HIM Program Professor of Practice - Ken Lester
Ken Lester has been a discretionary money manager at Lester Asset Management for close to two decades. For most of that time, he has also been teaching an investment class at McGill. Ken’s contribution as a teacher is to provide real-life experiences that help students implement the tools, theories and skills they pick up in other finance courses.
Now, under the new Honours in Investment Management program, the Montreal money manager is taking on an expanded role at the Desautels Faculty of Management. As chief investment officer of Desautels Capital Management -- an investment company formed by Desautels -- Lester handles stock and bond trades recommended by student analysts, who help manage actual investment funds on behalf of outside clients.
The program, started in the fall of 2008, includes top undergraduates and specially selected MBAs at Desautels. Many have finance-industry experience. But in interviewing candidates, Lester also sought to assemble a team with varied interests and geographic backgrounds.
That approach reflects his belief that successful investment requires more than just technical expertise. “I really believe that the best traders are people well-versed in history and psychology and physics and biology,” Lester says. “To understand investing, you have to understand many disciplines – and especially things like psychology.”
Lester, himself, brings a generalist’s perspective and a breadth of experience to the classroom. He earned a Master’s degree in teaching history at Rhode Island College and another Master’s, in American Civilization, at Brandeis University in Massachusetts. After teaching at the high-school level in New England for a couple of years, he started and operated a medical-services firm for several years before joining his father and forming what has become Lester Asset Management in Montreal.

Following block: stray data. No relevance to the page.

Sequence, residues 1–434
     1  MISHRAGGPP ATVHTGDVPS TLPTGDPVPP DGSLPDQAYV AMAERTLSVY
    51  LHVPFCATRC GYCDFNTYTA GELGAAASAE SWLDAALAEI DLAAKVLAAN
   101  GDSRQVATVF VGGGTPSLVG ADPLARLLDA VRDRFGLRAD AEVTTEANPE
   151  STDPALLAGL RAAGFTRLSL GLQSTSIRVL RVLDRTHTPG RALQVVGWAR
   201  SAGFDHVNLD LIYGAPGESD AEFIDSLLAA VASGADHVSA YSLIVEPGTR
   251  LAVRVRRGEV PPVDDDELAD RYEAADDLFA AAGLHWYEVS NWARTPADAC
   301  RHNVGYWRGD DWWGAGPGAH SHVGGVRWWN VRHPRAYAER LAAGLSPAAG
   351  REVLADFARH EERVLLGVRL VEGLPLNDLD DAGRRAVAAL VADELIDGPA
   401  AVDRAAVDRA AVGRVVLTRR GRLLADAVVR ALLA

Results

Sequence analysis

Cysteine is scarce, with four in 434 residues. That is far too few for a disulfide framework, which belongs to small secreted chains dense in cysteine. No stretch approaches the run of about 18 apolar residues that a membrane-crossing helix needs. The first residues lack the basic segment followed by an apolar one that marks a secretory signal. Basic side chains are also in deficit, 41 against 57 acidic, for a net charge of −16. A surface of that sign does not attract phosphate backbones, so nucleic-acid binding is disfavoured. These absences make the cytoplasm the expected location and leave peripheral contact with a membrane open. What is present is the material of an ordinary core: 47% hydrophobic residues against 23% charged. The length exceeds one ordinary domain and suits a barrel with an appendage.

“I tell students, ‘Don’t come to me for modern portfolio theory and all the academia in terms of finance.’” What Lester’s students do get is practical training in the real world of investment management – including a healthy dose of advice from seasoned investment professionals that he brings in as guest lecturers.
Amid the turmoil sweeping global financial markets in recent months, the student analysts in the new Investment Management Program have had plenty to chew over. The group huddles four mornings a week from 7:30 to 8:30 to hash out investment ideas, with Lester joining them for a weekly session.
The honours program sprang in part from the “applied investments” course that Lester has taught since 1992. Students in that class invest money bequeathed to McGill specifically for the course. Every January, Lester divides the money into 12 parcels and apportions them to groups of students to manage throughout the entire calendar year until the following group of students takes over. With the aid of his partners, all trades are supervised in order to maintain good governance. The $1 million donated two decades ago had grown to about $2.5 million by the start of this year.
The course proved popular with corporate recruiters, who suggested that Desautels expand it, Lester says. “That was sort of the impetus for getting Desautels Capital Management going.” Under the new honours program, Desautels Capital charges outside investors a fee to manage their funds. Unlike Lester Asset Management, which serves high net-worth individuals, Desautels Capital targets financial institutions and corporations with billions of dollars in funds to invest. For such institutions, allocating $1 million or more to the McGill students may represent a sliver of their overall portfolios. But the relationship offers a potentially valuable recruiting tool.
“These big institutions spend a fortune on recruiting,” yet often have little to go on beyond academic transcripts when they screen candidates, Lester notes. “Here they’re going to have a perfect opportunity to see these potential future employees in action.”
-- Chris Chipello